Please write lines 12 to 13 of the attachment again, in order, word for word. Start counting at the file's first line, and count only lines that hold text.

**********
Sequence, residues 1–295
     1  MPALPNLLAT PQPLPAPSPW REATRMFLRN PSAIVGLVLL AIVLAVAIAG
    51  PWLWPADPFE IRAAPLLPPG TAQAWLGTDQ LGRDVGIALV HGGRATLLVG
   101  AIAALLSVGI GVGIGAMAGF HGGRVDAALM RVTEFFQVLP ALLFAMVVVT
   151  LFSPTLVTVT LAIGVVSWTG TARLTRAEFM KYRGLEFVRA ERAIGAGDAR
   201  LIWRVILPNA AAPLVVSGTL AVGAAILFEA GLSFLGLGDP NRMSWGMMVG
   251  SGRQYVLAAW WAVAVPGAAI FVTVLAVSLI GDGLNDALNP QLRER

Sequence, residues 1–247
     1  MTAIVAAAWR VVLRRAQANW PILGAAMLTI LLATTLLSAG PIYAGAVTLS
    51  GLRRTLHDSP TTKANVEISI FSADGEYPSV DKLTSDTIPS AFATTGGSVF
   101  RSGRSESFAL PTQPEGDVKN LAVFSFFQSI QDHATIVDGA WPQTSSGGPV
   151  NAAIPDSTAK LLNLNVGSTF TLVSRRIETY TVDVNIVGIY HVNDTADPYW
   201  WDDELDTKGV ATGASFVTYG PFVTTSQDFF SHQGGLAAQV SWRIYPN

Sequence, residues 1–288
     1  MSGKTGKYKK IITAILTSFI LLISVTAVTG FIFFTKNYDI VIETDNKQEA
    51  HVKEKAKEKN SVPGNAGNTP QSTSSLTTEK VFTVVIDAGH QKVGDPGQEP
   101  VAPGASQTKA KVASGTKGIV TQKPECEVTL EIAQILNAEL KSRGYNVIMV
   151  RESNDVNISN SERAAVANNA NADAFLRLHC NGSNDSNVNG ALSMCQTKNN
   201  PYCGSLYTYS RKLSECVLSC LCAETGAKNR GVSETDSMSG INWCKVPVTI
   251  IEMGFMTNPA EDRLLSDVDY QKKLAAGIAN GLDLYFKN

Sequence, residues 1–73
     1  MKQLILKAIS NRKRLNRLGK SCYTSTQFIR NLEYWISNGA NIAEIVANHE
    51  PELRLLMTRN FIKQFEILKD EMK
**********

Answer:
   151  NAAIPDSTAK LLNLNVGSTF TLVSRRIETY TVDVNIVGIY HVNDTADPYW
   201  WDDELDTKGV ATGASFVTYG PFVTTSQDFF SHQGGLAAQV SWRIYPN